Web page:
But luck was not on Applegarth’s side. His mill burned down in 1812. It was quickly rebuilt and then burned down again in 1813. According to memories recorded by Applegath’s niece; “All the machinery was destroyed, but the stone walls owing to their strength remained”. He then built his third and lasting mill.
“Applegarth announced to his friends that neither devil or man would be able to destroy the stout stone structure”, according to a St. Matthew’s Church record.
But, his problems continued. Upstream another settler built a mill and dam in 1827 that obstructed the flow of water to Applegarth’s mill. He sued the intruder, initially lost the case, but finally won resulting in an uninterrupted flow.
After his death in 1839 ownership of the Applegarth Mill changed hands and it eventually stopped turning around the 1880s as the last mill operator is recorded on the 1881 census.
An 1887 article in the Hamilton Spectator described the remains of the mill. “The mill is one of the most picturesque pieces of ruin to be found anywhere about the country. Its stone walls are actually falling to pieces, and yet inside there is a full and complete milling plant, looking as if it was waiting for the owner to come along, open the big sluice gate, let in the rushing stream to turn the big wheel and start it all going”.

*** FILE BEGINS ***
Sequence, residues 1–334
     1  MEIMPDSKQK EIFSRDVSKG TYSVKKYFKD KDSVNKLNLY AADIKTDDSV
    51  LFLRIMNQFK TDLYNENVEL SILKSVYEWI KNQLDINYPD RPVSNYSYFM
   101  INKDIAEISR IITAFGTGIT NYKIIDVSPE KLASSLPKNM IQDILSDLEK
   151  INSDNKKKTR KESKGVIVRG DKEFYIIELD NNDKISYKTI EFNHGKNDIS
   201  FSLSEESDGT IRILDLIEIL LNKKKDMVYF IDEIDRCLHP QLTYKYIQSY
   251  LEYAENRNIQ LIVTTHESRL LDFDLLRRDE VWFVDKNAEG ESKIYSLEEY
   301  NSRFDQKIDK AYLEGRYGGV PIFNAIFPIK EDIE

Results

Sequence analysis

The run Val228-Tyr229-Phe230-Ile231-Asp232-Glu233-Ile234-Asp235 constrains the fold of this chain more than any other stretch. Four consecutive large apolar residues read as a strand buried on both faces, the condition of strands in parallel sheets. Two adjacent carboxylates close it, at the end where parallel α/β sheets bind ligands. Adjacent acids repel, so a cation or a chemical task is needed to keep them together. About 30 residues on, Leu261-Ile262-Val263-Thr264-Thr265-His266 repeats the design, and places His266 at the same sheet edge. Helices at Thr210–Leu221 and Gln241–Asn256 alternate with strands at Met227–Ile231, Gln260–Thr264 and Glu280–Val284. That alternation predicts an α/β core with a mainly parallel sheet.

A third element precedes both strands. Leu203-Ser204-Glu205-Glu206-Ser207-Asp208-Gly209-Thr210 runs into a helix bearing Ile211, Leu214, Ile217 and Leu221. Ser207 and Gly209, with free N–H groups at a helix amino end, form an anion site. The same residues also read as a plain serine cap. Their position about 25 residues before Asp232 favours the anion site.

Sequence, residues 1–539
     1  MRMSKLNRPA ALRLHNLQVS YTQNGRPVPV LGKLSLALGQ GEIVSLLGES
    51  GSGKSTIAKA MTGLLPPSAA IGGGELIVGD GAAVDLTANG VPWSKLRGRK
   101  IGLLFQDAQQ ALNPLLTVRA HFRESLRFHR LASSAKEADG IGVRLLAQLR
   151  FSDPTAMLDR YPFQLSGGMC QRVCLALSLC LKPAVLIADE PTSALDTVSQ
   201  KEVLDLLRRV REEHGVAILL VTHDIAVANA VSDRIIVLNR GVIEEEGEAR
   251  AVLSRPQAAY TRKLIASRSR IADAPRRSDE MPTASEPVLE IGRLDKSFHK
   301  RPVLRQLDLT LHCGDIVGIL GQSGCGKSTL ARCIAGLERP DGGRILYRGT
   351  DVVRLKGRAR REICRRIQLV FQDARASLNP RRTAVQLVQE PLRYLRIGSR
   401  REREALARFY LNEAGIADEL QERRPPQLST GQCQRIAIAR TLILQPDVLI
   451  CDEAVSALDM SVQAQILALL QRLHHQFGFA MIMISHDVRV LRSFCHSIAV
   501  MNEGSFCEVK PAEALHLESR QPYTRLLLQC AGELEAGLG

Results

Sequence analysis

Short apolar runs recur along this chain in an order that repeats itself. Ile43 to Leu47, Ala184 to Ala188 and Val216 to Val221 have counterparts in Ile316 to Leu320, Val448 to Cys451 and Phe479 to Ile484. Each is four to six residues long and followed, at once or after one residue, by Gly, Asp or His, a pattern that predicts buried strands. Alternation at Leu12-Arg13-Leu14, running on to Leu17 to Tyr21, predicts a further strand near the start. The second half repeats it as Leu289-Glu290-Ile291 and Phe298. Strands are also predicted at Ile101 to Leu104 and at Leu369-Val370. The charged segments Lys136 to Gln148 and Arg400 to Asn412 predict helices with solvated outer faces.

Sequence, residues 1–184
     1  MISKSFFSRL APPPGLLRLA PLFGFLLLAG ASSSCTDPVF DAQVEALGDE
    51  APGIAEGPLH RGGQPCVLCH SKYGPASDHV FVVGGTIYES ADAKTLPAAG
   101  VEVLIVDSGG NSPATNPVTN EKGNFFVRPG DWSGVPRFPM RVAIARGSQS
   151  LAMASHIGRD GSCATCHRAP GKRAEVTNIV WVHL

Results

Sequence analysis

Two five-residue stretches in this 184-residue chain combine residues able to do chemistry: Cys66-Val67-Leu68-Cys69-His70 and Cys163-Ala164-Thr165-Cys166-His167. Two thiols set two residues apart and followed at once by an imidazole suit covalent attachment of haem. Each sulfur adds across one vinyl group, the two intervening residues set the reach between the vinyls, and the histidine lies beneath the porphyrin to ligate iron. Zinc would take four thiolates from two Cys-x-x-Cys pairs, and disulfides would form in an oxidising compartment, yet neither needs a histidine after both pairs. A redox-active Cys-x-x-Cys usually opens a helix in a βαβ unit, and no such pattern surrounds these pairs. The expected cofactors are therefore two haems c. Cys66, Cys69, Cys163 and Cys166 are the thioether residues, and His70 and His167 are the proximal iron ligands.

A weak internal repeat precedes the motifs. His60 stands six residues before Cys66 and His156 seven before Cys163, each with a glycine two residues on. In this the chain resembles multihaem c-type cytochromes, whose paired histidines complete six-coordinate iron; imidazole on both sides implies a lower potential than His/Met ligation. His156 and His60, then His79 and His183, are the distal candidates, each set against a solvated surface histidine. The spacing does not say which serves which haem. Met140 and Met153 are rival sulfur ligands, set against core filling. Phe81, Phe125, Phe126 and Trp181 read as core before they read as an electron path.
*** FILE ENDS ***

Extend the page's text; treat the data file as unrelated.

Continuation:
Over the years the property was owned by such notable local families as the Townsends, the Irelands and the Filmans. Then in the early 1960s the Ontario government constructed Highway 403 over the former gristmill site using two large concrete culverts. The original mill site was virtually obliterated.
In 2006 Scott Forsyth and fellow history buff Keith Thornborrow were exploring a farm on Panin Road that was once owned by William Applegarth. They found two old mill stones. One was laying on the ground and one was upright.
“The stones (had been) collected and transported to the “Hilltop Farm” by Thomas Brooke Townsend and they remained forgotten until they were discovered on the lawn there by Scott and myself”, according to Thornborrow.
“We were coming out of the house and right there on the lawn was the millstone. We had walked right past it going into the house. As soon as we saw the one on the lawn we looked over a bit further and there was the second stone made into a flag pole display. It’s still there”.